Elsewhere over the Atlantic Ocean, Tropical Storm Victor strengthened a little southwest of the Cabo Verde Islands. At 5:00 p.m. EDT on Thursday the center of Tropical Storm Victor was located at latitude 9.9°N and longitude 30.0°W which put it about 585 miles (940 km) southwest of the Cabo Verde Islands. Victor was moving toward the west-northwest at 14 m.p.h. (22 km/h). The maximum sustained wind speed was 45 m.p.h. (75 km/h) and there were wind gusts to 60 m.p.h. (95 km/h). The minimum surface pressure was 1003 mb.

Typhoon Mindulle Passes South of Tokyo

Typhoon Mindulle passed south of Tokyo on Thursday. At 5:00 p.m. EDT on Thursday the center of Typhoon Mindulle was located at latitude 31.1°N and longitude 140.0°E which put it about 340 miles (545 km) south of Tokyo, Japan. Mindulle was moving toward the northeast at 17 m.p.h. (28 km/h). The maximum sustained wind speed was 90 m.p.h. (145 km/h) and there were wind gusts to 105 m.p.h. (165 km/h). The minimum surface pressure was 969 mb.

The core of Typhoon Mindulle passed well to the south of Tokyo on Thursday. However, the circulation around Typhoon Mindulle was so large, that bands of showers and thunderstorms on the northern periphery of Mindulle were bringing gusty winds and rain to parts of Honshu. Winds to typhoon force extended out 130 miles (210 km) on the eastern side of Typhoon Mindulle. Winds to typhoon force extended out 75 miles in the western half of Mindulle. Winds to tropical storm force extended out 310 miles (500 km) from the center of circulation. The Hurricane Intensity Index (HII) for Typhoon Mindulle was 13.9. The Hurricane Size Index (HSI) was 37.6 and the Hurricane Wind intensity Size Index (HWISI) was 51.5.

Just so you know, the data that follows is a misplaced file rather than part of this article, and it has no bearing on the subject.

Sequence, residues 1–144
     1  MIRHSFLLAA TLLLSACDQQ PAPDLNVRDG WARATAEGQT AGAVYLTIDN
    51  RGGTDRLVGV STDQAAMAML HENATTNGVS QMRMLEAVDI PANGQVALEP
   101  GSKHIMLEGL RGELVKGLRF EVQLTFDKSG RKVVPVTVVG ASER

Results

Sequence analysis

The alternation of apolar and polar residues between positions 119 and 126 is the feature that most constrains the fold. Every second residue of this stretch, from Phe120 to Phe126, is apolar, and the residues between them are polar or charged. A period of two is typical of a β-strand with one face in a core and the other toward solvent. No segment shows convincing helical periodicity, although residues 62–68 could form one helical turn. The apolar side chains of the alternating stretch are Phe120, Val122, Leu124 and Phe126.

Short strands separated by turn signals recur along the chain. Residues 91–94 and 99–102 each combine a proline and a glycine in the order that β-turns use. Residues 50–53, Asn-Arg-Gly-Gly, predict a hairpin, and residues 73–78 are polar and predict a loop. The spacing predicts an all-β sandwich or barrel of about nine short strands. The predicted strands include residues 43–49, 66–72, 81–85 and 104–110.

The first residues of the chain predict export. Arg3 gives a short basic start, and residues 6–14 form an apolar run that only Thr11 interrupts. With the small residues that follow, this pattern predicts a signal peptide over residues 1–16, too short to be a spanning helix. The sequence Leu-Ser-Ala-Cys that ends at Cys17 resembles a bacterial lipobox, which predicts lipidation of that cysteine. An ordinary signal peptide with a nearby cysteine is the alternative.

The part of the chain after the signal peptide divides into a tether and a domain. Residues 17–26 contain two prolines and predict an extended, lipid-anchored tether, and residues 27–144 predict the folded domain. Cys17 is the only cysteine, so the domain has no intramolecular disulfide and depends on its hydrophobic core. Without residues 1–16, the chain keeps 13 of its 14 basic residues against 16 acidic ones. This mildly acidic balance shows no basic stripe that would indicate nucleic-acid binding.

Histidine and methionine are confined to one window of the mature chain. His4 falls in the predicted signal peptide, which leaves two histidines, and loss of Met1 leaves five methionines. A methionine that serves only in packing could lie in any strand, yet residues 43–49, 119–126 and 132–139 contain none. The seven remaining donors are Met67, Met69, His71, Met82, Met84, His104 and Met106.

Typhoon Mindulle weakened as it moved over cooler water and into a region where westerly winds in the upper levels caused more vertical wind shear. A larger eye was present at the center of Mindulle, but breaks were developing in the ring of thunderstorms around the eye. The upper level westerly winds in the middle latitudes were beginning to affect the structure of Typhoon Mindulle. Those winds were blowing toward the top of Mindulle’s circulation and they were causing increasing vertical wind shear. The strongest thunderstorms were occurring in bands north and east of the center of the typhoon. Bands south and west of the center consisted primarily of showers and lower clouds. The combination of cooler water and more wind shear was causing Typhoon Mindulle to start a transition to an extratropical cyclone.